Spitzer School Presents Sciame Fall Lecture Series
"New York, New York: Place, Culture and Urbanity" will be the theme for the Fall 2010 Sciame Lecture Series at the Bernard and Anne Spitzer School of Architecture. The eight-part series, which is free and open to the public, presents authors and prominent architects discussing some of New York’s most iconic buildings and public works, including the Empire State Building, Pennsylvania Station and Rockefeller Center. The series is sponsored by F.J. Sciame Construction Co. Lectures begin at 6:30 p.m. and are held in Sciame Auditorium in the Spitzer School of Architecture building, 141 Convent Avenue, New York, NY 10031, located at West 135th Street and Convent Avenue. For information about continuing education credits for New York State licensed architects, call 212-650-7118. More on this story.
Langston Hughes Exhibit Celebrates African-American Writers
Since 1978, CCNY’s Langston Hughes Festival has honored eminent African-American writers including Maya Angelou, James Baldwin, Amiri Baraka, Octavia Butler, Toni Morrison and Alice Walker with the Langston Hughes Medal. This fall, CCNY offers a retrospective of Hughes medalists in a new exhibit, "The Langston Hughes Festival: A Celebration of African-American Writers." It runs August 30 through December 31 in the Cohen Library Archives Gallery, located on the fifth floor of the North Academic Center building. The Langston Hughes Medal recognizes exceptional writers of poetry, fiction, drama, autobiography and critical essays that celebrate the memory and tradition of Mr. Hughes, an acclaimed African-American writer, poet and scholar. The next festival is scheduled for November 2011. "The exhibit pays homage to these superb writers of the African Diaspora and the event which has contributed to making CCNY an intellectual and social hub of this great city," said Dr. Gordon Thompson, the exhibit co-curator, Langston Hughes Festival director and an assistant professor of English at CCNY. "It also signals to our students that sharing stories is an honorable and worthy pursuit, particularly for African-Americans thirsting for closer contact with and greater awareness of model writers as they undertake the fine art of literary composition themselves." More on this story.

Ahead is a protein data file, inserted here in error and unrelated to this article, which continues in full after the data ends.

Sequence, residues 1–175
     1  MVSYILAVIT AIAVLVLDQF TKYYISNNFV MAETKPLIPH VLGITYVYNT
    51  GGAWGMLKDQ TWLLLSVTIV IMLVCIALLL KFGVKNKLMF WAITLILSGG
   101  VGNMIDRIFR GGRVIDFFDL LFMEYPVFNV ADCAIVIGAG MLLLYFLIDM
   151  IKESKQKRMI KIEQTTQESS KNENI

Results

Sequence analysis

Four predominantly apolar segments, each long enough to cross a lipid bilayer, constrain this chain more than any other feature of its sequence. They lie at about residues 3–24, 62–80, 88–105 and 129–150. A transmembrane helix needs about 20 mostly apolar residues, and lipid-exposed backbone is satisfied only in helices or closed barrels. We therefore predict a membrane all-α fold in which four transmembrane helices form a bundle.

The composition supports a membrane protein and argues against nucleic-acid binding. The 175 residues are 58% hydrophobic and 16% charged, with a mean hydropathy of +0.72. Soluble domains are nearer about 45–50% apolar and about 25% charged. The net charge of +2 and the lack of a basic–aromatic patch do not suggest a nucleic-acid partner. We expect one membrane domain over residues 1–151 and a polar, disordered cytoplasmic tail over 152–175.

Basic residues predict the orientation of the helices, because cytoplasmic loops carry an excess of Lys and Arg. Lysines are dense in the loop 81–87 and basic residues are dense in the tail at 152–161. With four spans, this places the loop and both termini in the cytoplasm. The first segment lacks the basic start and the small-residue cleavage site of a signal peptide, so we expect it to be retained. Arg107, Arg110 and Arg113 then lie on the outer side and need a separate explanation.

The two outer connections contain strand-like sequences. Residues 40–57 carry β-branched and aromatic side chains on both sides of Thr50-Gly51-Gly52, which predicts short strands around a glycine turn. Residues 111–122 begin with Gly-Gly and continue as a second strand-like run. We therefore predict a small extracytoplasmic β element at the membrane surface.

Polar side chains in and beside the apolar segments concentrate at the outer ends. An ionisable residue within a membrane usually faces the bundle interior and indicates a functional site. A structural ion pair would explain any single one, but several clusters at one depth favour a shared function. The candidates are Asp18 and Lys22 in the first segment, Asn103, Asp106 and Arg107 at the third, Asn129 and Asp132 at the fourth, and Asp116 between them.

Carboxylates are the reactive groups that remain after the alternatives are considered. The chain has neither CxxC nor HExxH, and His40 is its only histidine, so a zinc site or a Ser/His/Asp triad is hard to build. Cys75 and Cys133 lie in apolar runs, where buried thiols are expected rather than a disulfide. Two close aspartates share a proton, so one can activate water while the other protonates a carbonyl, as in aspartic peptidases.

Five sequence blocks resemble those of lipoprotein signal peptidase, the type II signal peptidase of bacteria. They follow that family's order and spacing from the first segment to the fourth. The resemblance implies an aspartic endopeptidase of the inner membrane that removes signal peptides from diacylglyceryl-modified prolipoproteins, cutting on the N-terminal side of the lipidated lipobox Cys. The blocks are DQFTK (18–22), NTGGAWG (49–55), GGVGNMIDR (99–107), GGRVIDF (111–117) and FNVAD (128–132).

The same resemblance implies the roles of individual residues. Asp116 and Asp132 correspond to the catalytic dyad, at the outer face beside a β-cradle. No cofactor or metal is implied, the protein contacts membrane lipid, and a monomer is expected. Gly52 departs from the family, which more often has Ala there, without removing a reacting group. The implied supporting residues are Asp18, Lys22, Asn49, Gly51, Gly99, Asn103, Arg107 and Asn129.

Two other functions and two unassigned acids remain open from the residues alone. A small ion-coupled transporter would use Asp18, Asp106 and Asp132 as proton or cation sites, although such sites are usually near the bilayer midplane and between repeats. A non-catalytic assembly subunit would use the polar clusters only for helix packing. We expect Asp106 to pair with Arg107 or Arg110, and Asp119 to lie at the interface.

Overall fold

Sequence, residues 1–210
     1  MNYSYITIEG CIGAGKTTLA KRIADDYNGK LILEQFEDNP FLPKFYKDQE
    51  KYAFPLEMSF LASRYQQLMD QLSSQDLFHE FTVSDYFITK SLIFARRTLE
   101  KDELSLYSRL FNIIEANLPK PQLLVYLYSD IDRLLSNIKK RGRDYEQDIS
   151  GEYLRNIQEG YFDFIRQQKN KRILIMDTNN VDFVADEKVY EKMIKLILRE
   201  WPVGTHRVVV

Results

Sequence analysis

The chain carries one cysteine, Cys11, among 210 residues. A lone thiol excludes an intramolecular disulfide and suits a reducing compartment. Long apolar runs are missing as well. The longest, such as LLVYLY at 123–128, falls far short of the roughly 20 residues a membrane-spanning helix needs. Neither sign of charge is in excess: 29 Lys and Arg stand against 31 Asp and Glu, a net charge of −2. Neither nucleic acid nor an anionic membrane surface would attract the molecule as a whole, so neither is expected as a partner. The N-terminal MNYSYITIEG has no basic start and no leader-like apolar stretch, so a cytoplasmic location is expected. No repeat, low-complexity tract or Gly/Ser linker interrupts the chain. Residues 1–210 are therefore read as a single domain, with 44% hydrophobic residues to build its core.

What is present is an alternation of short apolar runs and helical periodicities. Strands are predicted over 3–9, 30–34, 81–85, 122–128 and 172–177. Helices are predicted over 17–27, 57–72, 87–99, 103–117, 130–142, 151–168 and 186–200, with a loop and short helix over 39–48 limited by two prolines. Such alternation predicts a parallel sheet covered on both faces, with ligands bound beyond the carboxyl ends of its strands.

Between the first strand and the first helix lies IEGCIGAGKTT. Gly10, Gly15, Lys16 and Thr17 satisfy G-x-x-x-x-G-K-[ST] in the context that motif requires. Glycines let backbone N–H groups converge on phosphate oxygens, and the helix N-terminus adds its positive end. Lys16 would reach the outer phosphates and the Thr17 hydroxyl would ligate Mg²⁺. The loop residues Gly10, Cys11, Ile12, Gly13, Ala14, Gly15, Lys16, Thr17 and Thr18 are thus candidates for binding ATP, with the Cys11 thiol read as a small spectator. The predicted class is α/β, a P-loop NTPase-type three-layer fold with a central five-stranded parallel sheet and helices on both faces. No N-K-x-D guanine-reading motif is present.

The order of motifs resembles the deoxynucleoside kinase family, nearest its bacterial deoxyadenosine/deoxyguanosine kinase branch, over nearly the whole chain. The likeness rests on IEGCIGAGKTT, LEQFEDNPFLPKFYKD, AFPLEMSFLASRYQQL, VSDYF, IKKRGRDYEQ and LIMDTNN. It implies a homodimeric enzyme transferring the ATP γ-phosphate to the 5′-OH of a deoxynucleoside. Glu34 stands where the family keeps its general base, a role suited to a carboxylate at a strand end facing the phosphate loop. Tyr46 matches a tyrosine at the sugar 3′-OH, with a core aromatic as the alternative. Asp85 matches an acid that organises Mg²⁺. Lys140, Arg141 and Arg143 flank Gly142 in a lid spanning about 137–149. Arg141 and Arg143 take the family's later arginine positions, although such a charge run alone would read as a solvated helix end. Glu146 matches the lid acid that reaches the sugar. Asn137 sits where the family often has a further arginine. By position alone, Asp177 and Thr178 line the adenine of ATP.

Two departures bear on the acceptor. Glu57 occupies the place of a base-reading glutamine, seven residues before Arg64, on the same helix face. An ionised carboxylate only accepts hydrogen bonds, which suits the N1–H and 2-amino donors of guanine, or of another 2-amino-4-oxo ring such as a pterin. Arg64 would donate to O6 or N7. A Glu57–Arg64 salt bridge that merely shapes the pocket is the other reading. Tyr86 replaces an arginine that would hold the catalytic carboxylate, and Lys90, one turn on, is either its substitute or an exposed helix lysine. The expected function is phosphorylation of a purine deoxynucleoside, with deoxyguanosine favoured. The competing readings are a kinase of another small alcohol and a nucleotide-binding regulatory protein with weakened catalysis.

Center for Worker Education Announces Fall Lecture Series
CCNY’s Center for Worker Education (CWE) has quickly built a reputation for bringing distinguished intellectuals to its Bowling Green campus. This fall is no exception. Eight notable speakers will take part in the Center’s free bi-annual Book Talk Lecture Series, to run September 13 - December 13. "All of our lecture series have been extremely successful," said Dr. Juan Carlos Mercado, Dean of CCNY’s Division of Interdisciplinary Studies based at the CWE. "Each one has provided a forum for a rich exchange of ideas. Students and lecture attendees are given the opportunity to meet prominent authors and engage in lively discussions. Feedback from the program has been tremendous." Over the past two years, CWE has presented close to 50 guest lecturers. They include professors from CCNY and other CUNY colleges as well as well-known authors who publish with W.W. Norton. More on this story.
From the PresidentAfter the last weekend of summer, I am delighted to send out this first Fall 2010 newsletter, full of stories about our students.
It’s a good time to give you some preliminary figures about our Fall 2010 enrollment. In spite of a slightly different last-minute registration rhythm, we came very close to meeting our projected numbers this year. As of today we have a total enrollment of 15,649 against a projection of 16,000 students. I recognize that a lot of hard work and coordinated effort went into ensuring that our students were ready to start on August 26, and I would like to thank everyone in the offices of admissions, the registrar, the bursar and financial aid, as well as advisors and faculty across the College, for your hard work to make this happen.
I also want to congratulate our Office of Veterans Affairs. These numbers include 176 student veterans continuing from last fall, and 28 new student veterans. We will have official numbers on diversity to report in the coming weeks, but you only have to walk across quad to see that we remain a wonderful reflection of the city and the world.